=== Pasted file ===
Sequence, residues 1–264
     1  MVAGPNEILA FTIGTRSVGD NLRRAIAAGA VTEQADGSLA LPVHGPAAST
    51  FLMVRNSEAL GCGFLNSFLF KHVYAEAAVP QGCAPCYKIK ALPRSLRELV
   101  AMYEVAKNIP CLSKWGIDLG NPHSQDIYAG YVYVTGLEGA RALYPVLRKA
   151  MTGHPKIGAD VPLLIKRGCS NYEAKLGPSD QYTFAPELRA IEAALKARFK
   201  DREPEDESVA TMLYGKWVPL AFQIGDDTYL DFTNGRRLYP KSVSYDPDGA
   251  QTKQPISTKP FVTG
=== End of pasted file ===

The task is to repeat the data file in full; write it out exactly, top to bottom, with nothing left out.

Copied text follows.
Sequence, residues 1–264
     1  MVAGPNEILA FTIGTRSVGD NLRRAIAAGA VTEQADGSLA LPVHGPAAST
    51  FLMVRNSEAL GCGFLNSFLF KHVYAEAAVP QGCAPCYKIK ALPRSLRELV
   101  AMYEVAKNIP CLSKWGIDLG NPHSQDIYAG YVYVTGLEGA RALYPVLRKA
   151  MTGHPKIGAD VPLLIKRGCS NYEAKLGPSD QYTFAPELRA IEAALKARFK
   201  DREPEDESVA TMLYGKWVPL AFQIGDDTYL DFTNGRRLYP KSVSYDPDGA
   251  QTKQPISTKP FVTG